"They stood on the Pincio Terrace, that place above the Piazza del Popolo with the commanding view of Rome. Beneath them, a thousand red-tiled rooftops stretched out across the ancient city, from the distant columns of the Coliseum to the glistening dome of St. Peters’ Basilica. To the west was the long, winding curve of the Tiber River where it came around past the Castel Sant’Angelo.
“It’s like we’re back on the Terrace of Infinity,” the young woman said.
“Yeah, but that was a little higher,” Garrett replied.
“Do you think Audrey Hepburn and Gregory Peck stood here?” she asked.
“And Sophia Loren.”
Issue #14 / December 2014
Illustrated by Ben Hipp
RANDY OSBORNE’s work has appeared in small literary magazines. He teaches fiction and creative nonfiction for the continuing-education program at Emory University in Atlanta. He is finishing a book of personal essays, and is represented by Brandt & Hochman in New York. You can find more about his current work at www.randyosborne.com.
"Judge John S. Flanders fixed me with hooded eyes. His hairy sausage fingers fumbled with the paperwork. Wet lips peeled away from yellow teeth.
I felt sick and dizzy.
“Who comes before us now?” Flanders boomed at me, drowning out my heart’s thunder.
It was 1965. Lyndon Johnson sent the first troops to Vietnam that year. Malcolm X was shot to death. Race riots tore up the South. In my hometown of Rockford, Illinois, I walked with my cousin Patrick and his brother Mike into an open building from which I took nothing. Then we all got arrested...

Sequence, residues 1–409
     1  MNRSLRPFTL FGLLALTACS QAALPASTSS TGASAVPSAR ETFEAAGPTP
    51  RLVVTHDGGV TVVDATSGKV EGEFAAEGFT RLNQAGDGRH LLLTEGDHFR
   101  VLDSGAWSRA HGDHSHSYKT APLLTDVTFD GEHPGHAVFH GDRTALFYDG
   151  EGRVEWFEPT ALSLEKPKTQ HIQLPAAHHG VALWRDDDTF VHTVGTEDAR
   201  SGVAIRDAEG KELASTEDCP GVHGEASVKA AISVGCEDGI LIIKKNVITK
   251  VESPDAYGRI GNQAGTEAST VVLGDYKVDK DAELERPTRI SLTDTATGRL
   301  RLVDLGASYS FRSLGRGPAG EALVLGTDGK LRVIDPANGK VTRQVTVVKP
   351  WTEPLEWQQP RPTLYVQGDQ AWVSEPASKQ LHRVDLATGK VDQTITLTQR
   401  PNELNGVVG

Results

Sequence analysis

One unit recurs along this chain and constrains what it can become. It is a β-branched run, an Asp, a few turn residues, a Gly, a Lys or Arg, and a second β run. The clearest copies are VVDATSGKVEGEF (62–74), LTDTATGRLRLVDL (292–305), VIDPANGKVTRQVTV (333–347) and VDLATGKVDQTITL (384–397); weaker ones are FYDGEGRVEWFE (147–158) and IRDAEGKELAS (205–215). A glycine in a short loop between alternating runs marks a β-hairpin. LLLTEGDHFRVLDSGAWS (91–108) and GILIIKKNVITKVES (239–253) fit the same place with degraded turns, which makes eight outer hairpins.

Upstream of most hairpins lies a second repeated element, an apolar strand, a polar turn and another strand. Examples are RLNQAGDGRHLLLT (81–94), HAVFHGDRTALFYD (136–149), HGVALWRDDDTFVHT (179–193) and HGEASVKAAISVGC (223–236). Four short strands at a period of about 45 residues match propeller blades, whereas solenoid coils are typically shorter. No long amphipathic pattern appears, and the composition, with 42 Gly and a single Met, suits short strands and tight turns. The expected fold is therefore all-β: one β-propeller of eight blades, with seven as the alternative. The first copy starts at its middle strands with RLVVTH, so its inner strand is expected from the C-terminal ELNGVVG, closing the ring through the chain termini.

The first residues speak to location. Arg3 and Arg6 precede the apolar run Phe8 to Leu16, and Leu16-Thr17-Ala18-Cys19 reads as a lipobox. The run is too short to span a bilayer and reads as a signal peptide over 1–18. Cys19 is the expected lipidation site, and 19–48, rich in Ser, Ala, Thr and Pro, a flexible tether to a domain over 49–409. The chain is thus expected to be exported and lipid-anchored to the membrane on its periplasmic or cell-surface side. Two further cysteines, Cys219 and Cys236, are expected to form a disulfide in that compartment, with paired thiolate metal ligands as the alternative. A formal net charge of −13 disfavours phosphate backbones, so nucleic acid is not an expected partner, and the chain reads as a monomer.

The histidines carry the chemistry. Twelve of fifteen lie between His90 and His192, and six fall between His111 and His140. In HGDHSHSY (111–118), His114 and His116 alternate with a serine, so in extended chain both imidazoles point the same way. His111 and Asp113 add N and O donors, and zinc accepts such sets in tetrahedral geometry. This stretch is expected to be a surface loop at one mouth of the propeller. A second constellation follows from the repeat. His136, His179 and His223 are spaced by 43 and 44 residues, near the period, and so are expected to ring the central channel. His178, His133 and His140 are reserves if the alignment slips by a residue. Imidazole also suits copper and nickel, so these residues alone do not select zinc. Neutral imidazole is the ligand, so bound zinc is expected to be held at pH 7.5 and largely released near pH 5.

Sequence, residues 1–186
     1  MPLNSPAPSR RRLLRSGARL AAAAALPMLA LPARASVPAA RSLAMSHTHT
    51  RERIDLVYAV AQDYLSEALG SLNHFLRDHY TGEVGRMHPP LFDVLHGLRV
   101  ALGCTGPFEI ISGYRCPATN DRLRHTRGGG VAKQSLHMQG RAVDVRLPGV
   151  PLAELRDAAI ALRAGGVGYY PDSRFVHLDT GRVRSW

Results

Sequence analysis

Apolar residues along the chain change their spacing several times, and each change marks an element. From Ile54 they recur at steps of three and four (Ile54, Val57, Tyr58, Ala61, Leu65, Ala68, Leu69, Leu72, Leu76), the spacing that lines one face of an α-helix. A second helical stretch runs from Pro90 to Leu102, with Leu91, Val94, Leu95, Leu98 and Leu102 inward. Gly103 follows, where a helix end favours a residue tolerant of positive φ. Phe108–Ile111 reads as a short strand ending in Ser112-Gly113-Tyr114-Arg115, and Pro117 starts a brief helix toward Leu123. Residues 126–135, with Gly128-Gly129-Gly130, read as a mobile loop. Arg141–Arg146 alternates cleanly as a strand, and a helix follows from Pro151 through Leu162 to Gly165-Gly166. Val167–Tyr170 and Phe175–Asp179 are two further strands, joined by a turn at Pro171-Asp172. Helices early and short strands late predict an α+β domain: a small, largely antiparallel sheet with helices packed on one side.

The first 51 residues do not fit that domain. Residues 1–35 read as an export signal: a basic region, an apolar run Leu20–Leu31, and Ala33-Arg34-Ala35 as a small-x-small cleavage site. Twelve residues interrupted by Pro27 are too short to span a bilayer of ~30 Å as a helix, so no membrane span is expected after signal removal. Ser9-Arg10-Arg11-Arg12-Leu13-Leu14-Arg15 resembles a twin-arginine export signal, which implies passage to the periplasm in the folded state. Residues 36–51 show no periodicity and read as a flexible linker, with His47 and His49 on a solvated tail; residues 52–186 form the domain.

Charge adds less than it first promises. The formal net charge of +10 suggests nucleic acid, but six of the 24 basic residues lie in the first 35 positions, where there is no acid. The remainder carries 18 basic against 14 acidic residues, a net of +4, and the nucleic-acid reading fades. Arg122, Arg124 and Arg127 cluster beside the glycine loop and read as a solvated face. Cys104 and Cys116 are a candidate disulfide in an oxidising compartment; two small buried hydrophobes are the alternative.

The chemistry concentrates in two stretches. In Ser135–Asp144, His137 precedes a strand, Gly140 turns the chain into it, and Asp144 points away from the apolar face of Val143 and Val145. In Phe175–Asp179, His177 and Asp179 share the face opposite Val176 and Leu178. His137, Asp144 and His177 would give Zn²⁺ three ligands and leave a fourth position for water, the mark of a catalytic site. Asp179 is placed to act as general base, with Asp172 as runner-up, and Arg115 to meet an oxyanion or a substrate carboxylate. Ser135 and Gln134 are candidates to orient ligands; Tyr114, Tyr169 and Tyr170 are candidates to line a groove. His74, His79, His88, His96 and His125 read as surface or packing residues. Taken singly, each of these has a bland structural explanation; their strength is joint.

Issue #15 / December 2014
Illustrated by Timothy Tang
ALICE HOFFMAN is the author of many bestselling novels including Practical Magic, The Red Garden, and The Dovekeepers. Hoffman’s work has been published in more than twenty translations and more than one hundred foreign editions. Her novels have received mention as notable books of the year by The New York Times, Entertainment Weekly, The Los Angeles Times, Library Journal, and People Magazine. She has also worked as a screenwriter and is the author of the original screenplay “Independence Day” a film starring Kathleen Quinlan and Diane Wiest. Her short fiction and non-fiction have appeared in The New York Times, The Boston Globe Magazine, Kenyon Review, Redbook, Architectural Digest, Gourmet, Self, and other magazines. Her teen novel Aquamarine was recently made into a film starring Emma Roberts.
"It was August, when the crickets sang slowly and the past lingered in bright pools of glorious light, even though it would soon be gone, the way summer was all but over, yet the heat was still on the rise. The weather had been extreme that month: days of drenching rain, sudden showers of hail, temperatures passing record highs. Local children whispered that an angel had fallen to earth in a thunderstorm. There were roving groups who swore they had found signs. Footprints in the grass, black feathers, a campfire in the woods behind the high school where there were sparks of shimmering ash. One neighborhood boy vowed that he had seen a man in a black cloak rise above the earth and walk on air, and although no one believed his account, mothers began to keep their children home. They locked the doors, called in the dogs, kept the lights on after dusk...